When kids aren’t fed, is it poverty, or child abuse to blame?

Breakfast clubsonly skim the surface of the problem. Picture by Jon Super (07974 356-333)''Picture shows Kellogg's Breakfast Club at Atherton St. George's C.E. Primary School, Atherto
Breakfast clubsonly skim the surface of the problem. Picture by Jon Super (07974 356-333)''Picture shows Kellogg's Breakfast Club at Atherton St. George's C.E. Primary School, Atherto
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A school breakfast club in Huddersfield made headline news this week.

It seemed a lot of fuss about nothing; a bout of positive PR for the football club generously stumping up to cover the cost.

South Yorkshire schools have been running such clubs for years. They make loads of sense. Parents who work can get their kids in school a bit earlier and be on their way. And families on tight budgets can ensure their children get a decent morning meal.

There are 820,000 children in classrooms across Britain who are forced to skip breakfast at least once a week. Worrying enough, but the club in Huddersfield has discovered it is feeding a real hunger.

Its kids have not just missed breakfast at home that morning - they missed their tea the night before. The school says three children out of ten haven’t eaten since their school lunch. How shocking is that? Kids in Britain, living off one meal a day.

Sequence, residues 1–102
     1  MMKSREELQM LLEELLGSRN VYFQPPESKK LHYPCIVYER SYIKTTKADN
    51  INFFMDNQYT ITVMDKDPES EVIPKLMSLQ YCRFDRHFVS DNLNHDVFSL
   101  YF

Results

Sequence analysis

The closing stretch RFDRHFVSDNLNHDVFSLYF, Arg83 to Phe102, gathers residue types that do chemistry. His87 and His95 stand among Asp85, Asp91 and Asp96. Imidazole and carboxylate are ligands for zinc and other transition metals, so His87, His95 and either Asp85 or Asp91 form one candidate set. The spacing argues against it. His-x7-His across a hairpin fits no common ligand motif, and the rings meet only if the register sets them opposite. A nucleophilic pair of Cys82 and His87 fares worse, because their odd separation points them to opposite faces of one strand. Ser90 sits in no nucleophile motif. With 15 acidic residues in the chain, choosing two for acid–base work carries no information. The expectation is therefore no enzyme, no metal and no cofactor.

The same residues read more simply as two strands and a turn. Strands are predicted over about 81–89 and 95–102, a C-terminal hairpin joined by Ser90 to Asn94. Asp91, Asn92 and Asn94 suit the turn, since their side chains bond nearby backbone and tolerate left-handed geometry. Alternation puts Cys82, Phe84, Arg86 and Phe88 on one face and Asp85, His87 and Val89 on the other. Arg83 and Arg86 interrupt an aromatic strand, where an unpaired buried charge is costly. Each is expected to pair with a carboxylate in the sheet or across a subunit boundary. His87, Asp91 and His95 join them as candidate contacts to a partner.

Last year cereal brand Kelloggs discovered one in seven children were arriving at school having not eaten breakfast. Teachers have spoken of being so worried some of their pupils were suffering from malnutrition, they were buying them food. Clearly, like a gnawing hunger in the pit of a child’s stomach, the problem is getting worse.

Times are hard; food banks are booming. But I do not believe this is only down to poverty’s bite. It’s about child abuse.

Loving, caring parents feed their kids come what may. They put the needs of their children above everything. Most of all themselves. Meals have to be ultra cheap and ultra filling but these parents are damned proud of the fact that they make it happen.

Breakfast clubs? Great. But they deal with the result, not the problem. Social workers need to be finding out what the hell is happening in the three out of ten homes where children do not get fed.